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NEW DELHI (Reuters) - India should split the seven units of state-controlled Coal India Ltd into independent companies to make it more competitive, the government's policy think-tank said on Tuesday in a draft of a new energy policy.
About 70 percent of India's power generation is fired by coal. The country is the world's third-largest producer and third-biggest importer of coal, which the government wants to change by boosting local coal production.
Fresh coal production should come from private sector mines, the government think-tank NITI Aayog said, adding that the move called for reforms in allocating coal blocks to independent companies specialised in coal mining. (bit.ly/2rXZmWK)
Coal India was not available for comment after its regular business hours.
Reuters reported in December that senior Indian government officials, tasked by Prime Minister Narendra Modi with reviewing energy security, were recommending the break up of the world's largest coal miner within a year.
Attempts to break up the world's biggest coal miner could expect resistance from powerful unions representing the firm's more than 350,000 employees. The government backed down from a similar proposal in the face of union protests in 2014.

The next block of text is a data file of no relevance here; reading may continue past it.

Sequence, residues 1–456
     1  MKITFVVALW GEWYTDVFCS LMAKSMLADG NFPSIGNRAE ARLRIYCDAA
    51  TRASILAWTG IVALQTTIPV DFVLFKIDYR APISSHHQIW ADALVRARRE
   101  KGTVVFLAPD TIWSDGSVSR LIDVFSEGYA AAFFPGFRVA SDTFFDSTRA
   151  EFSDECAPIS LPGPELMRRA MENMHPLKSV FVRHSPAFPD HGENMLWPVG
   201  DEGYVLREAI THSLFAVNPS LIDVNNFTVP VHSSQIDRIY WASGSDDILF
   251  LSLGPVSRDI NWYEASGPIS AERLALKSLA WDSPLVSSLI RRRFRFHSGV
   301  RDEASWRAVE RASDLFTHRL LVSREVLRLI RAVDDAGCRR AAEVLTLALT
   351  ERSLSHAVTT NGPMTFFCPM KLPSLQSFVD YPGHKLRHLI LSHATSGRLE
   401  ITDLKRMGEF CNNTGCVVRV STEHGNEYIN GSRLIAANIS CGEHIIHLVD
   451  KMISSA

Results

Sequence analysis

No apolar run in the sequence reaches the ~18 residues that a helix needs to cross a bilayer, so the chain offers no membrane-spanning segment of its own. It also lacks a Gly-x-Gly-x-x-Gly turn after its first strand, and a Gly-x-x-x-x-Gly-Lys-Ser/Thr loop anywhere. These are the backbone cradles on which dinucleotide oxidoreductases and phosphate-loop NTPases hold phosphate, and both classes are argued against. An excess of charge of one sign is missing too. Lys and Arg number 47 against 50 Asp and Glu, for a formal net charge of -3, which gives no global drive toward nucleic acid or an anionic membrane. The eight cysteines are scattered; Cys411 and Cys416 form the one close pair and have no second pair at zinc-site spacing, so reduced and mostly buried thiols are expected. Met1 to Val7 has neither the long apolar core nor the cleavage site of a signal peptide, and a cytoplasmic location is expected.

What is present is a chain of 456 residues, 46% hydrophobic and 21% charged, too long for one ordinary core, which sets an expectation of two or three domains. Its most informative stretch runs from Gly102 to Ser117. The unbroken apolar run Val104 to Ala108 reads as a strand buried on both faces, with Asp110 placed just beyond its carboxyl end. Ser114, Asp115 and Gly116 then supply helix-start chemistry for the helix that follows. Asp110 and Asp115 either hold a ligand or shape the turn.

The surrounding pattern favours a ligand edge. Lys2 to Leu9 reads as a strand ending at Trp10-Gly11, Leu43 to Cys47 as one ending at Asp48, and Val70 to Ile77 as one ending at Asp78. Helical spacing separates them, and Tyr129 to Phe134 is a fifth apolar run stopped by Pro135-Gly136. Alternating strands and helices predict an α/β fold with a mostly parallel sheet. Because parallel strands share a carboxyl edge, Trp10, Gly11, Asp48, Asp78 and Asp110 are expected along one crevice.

One of the unions, which is close to Prime Minister Narendra Modi's party, is against the move and says it has the support of about half of Coal India's workers.
"We are opposing the recommendations made by NITI Aayog," Baij Nath Rai, president of Bharatiya Mazdoor Sangh, told Reuters by telephone.
Coal India, the country's second-biggest employer, is often criticized for being bloated and inefficient. Its output-per-man shift is estimated at one-eighth of Peabody Energy, the world's largest private coal producer.
Reporting by Sudarshan Varadhan; Editing by David Evans and Edmund Blair